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To pony or not to pony? PART 2

June 9, 2013

How to pick which ponytail is right for you:

Do your research. Just because ponytails wigs are cheaper than other wigs, doesn’t mean you can’t get burned. Make a couple of phone calls first. There are several manufacturers who make wigs exclusive for ponytails, and those several brands are carried by dozens of sheitel machers, so if you get prices over the phone, make sure you ask for which brand names you are being quoted for. There are also a couple of key point to keep in mind:

#1 Price is obviously the most important. Decide your price range and stick to it. Spending outside your budget can make you resent the wig and never really love it. You will always have problems with it. In the $500-$900 price range, you will only find very processed human hair (which often includes Asian hair, even if you’re told it’s European). These wigs can be counted on to get knotty or stringy looking very quickly. In the $1200-$1800 price range you will still find processed human hair, but this category often lasts longer. This may be because the hair is less processed, maybe not dyed, or using a higher quality process that lasts longer. These wigs are most often constructed to be worn down, but still will not compare to your better quality wigs. Once you go over $2000, you can count on the hair behaving more nicely, oxidizing less quickly, but still the possibility of knotting exists. These will be higher quality hair, but with some minor processing that makes it still not the best hair around. 
You can always buy a quality virgin European hair wig, that is long enough to put into a ponytail, cut a few bangs and wear it like that for a few years. Then when you get bored of the look, you can re-cut it into another look and wear it down. It may take a little refurbishing after a couple of years, but this hair is going to last a whole lot longer than any of the other options, and your sheitel macher should help you out if there is any knotting on a wig in this price range. (All of the above prices are based on my personal mark-up and may differ based on individual sheitel machers’ different prices and/or sale prices.)

#2 How the wig fits is equally important. As I mentioned earlier, when you pull all the hair away from your face and neck. You have to make sure you are completely covered. Any of your own hair sticking out may make the edge unnatural and obvious. Small, medium and larger sizes are available from some companies, making the right fit much easier to find. After choosing your size, check if it needs to be taken in at all. A good pony needs to be snug to stay put all day.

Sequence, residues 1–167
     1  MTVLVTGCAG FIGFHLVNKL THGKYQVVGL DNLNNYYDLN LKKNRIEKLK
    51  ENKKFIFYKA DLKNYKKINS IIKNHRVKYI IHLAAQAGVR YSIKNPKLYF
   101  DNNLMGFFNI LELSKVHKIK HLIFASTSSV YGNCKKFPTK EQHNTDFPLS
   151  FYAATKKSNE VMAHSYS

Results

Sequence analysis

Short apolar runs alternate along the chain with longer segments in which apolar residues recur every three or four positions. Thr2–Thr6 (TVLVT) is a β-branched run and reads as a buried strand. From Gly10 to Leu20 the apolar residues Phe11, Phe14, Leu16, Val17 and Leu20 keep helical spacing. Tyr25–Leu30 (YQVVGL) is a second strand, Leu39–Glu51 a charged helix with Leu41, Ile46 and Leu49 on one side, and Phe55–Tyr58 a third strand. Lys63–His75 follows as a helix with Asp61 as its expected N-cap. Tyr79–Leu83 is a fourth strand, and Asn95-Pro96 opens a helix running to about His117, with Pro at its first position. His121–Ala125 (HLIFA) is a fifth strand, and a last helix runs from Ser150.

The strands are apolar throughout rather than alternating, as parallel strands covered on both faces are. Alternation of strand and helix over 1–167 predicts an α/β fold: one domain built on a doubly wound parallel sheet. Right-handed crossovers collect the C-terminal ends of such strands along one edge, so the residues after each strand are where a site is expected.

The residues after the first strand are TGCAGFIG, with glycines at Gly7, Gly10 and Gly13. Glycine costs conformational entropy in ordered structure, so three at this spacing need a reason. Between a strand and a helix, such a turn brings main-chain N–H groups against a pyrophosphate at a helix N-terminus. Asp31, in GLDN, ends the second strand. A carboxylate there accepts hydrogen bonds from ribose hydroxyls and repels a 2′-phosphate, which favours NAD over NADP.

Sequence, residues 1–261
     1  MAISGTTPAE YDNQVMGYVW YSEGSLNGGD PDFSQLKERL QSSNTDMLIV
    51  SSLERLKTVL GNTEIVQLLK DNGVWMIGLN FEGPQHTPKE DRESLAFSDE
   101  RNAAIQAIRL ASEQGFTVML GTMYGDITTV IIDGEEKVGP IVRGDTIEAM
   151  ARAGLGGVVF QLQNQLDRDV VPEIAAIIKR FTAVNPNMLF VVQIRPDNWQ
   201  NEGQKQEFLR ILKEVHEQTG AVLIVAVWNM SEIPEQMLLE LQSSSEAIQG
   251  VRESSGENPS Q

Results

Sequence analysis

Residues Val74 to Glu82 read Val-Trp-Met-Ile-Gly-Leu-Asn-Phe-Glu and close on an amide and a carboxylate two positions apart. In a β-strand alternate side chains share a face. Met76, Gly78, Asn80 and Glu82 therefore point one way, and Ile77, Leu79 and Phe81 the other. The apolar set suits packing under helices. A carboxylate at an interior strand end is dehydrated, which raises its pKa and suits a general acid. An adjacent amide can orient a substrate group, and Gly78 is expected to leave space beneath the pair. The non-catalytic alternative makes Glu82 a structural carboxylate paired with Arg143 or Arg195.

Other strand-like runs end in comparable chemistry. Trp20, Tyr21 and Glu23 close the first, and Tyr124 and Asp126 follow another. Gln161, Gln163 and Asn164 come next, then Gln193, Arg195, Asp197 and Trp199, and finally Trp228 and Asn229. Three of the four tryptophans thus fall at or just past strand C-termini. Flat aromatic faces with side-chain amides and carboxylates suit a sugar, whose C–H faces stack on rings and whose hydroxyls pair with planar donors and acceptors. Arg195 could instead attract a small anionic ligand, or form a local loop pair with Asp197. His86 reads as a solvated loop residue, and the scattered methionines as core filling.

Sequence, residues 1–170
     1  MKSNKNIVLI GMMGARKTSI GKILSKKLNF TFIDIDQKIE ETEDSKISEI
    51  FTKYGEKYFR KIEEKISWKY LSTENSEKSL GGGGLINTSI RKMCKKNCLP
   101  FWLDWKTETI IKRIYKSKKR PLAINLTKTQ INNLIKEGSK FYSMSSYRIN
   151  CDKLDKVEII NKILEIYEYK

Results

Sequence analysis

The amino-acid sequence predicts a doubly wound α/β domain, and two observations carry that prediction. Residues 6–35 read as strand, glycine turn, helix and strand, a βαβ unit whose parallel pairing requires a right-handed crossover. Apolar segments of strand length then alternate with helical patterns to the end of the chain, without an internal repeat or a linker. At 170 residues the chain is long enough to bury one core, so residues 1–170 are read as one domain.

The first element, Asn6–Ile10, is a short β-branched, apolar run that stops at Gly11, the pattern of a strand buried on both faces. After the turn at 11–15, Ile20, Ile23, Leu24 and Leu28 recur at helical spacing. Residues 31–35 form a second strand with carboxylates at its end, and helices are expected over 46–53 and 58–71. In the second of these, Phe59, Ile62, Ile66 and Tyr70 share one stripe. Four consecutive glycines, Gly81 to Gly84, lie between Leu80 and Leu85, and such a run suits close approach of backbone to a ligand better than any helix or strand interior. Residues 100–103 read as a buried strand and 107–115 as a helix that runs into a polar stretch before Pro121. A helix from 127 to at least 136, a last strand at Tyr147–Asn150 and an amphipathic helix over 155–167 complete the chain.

#3 Construction and how the hair is sewn is also important. Only one or two companies make their ponytail wigs without a multi-directional top, so that aspect of construction is almost equal among most ponytails. How the back of the wig is sewn makes the most difference. Many pony wigs are made with machine sewn “wefts” (the strings of hair that are stitched onto the cap). This hair can only be pulled in the direction in which it is sewn, so they sew in the last few rows on the bottom facing upwards, to go into the ponytail smoothly. This construction is only good if you are wearing the wig ONLY in a ponytail. When worn down, those hairs that are sewn upwards will “jump” away from the head and split in a funny way, exposing your cap underneath. There are exceptions to this, but they are very rare and you should consider wearing this construction only in a ponytail. One other brand combines machine sewn and hand sewn construction, which allows the thinnest distribution of hair, making it lighter and thinner in a rubber band. When sewn into the proper stretch net, these hand sewn stitches can flip up or down, allowing this ponytail to be worn up or down. Other companies just sew all of the wefts downward, but they add the hair at the nape of the neck a little more thickly, so that you have extra coverage when you lift up your pony. These wigs cannot be worn in a pony too high up in the back of your head, as you will likely leave some of your cap underneath exposed.

Last and most difficult to figure out is whether or not the wig you are buying matches all your needs. Seriously spend time practicing in the mirror, maybe on an older wig, on a friends ponytail wig or even go into a few stores and tell them you are just looking. Try to see if you would wear the pony higher up or lower down, or if you don’t like the look of a pony at all. If you are wearing it down, ask around to find out if it gets knotty when worn down. Also, if you have more expensive sheitels at home, be aware that the most common reaction to cheaper quality hair is that it gets “dirtier” faster. This may mean that it looks greasy or frizzy earlier than you would expect from your more expensive wigs, and may need to be washed and set more often. 

For people who are accustomed only to more expensive hair, a ponytail wig may seem like a brief reprieve from spending too much on your wigs, but in the end, you may never be happy with it. My last but most important recommendation is not to buy on sale. Many of these sales force you to make an impulse decision, and the best way to decide on your wog is to take time to research your options. If you’ve already done the research, and you happen upon a sale at the exact brand you chose to buy, then just make sure to check if the cut is included. If not make sure to add that to the cost in your head so that you are comparing prices properly. 
Hatzlacha!

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